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After machine translation, here comes machine interpreting!
Thread poster: Csaba Ban

Csaba Ban  Identity Verified
Hungary
Local time: 21:14
Member (2002)
English to Hungarian
+ ...
Nov 6, 2009

A new Japanese gadget captures voice, transfers it to a remote server for speech recognition, a software translates the text, formulates voice and sends it back to user's earphones.

http://www.telegraph.co.uk/technology/news/6493869/NEC-unveils-Tele-Scouter-translation-glasses.html


 

sivtufte  Identity Verified
Norway
Local time: 21:14
English to Norwegian (Bokmal)
+ ...
Useful if are articulated :) Nov 6, 2009

It will be of use for household amusement but no doubt a great developement - if you don't have an interpenter...

However, the words that read the same may get in the way - hopefylly not as badly (or amusing) as in this service;

http://www.translationparty.com

I use this if I find work hard or impossible - to remind me of how great I really am!
Enjoy it.
icon_smile.gif


 

xxxL.G.F.  Identity Verified
Spain
English to Spanish
+ ...
Machines will never make our hard and valuable job Nov 6, 2009

Well, I am really shocked after reading that article from the Daily Telegraph. I do actually think Japanese are obsessed with the idea of inventing a device substituting our job as translators and interpreters. Please, pay attention to the following extract from the article:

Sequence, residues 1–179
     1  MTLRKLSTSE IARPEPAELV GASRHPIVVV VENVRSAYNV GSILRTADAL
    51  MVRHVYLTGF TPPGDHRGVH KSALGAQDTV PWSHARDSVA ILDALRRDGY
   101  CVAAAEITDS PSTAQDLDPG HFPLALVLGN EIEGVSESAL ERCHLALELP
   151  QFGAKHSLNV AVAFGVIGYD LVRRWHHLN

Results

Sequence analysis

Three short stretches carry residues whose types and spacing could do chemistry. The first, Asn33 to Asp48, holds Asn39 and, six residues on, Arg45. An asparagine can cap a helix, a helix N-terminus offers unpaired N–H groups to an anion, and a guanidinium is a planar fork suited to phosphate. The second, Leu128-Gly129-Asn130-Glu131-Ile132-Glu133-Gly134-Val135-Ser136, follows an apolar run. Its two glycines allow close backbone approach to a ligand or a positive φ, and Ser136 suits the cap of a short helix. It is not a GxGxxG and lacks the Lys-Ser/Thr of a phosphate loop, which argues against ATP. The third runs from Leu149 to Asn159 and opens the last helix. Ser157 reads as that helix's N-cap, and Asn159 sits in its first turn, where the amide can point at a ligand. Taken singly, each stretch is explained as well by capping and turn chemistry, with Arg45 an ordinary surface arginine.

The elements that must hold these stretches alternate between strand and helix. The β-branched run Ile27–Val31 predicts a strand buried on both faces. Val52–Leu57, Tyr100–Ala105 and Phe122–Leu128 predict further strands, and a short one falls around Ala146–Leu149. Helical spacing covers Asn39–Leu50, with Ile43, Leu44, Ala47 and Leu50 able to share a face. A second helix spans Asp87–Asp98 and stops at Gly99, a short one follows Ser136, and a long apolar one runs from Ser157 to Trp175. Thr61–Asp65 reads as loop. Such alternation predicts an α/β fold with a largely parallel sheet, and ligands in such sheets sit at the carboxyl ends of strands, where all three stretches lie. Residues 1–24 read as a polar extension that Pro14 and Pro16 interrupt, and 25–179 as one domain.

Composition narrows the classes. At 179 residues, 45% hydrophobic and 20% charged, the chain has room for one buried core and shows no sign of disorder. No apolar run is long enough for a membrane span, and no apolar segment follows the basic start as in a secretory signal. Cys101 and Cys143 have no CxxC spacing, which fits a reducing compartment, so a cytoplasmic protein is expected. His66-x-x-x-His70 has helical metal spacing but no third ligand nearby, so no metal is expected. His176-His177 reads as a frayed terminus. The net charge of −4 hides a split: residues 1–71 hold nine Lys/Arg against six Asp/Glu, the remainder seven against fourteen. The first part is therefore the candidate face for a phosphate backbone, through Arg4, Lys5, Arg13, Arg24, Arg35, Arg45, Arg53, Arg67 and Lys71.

"The Japanese manufacturer admits that the device's translation capabilities are limited at the moment (...)"
This type of things makes me laugh, it is impossible a device has the same capabilities than human beings. We cannot forget wonderful automatic translation machines, absolutely unuseful (I am not going to give you any examples, I would not like to be sued for thaticon_smile.gif .)


 

Marek Daroszewski (MrMarDar)  Identity Verified
Local time: 21:14
English to Polish
+ ...
CAT vs. Human translation Nov 6, 2009

The CAT vs. Human translation topic has been discussed at length, but not put to the test AFAIK.

Now you can try for youselficon_smile.gif



Using the above link try translating:

All CATs can do much better than humans.

Have fun!
icon_smile.gif
Marek


 

Williamson  Identity Verified
United Kingdom
Local time: 20:14
Flemish to English
+ ...
Robotics Nov 6, 2009

Lucas González Fernández wrote: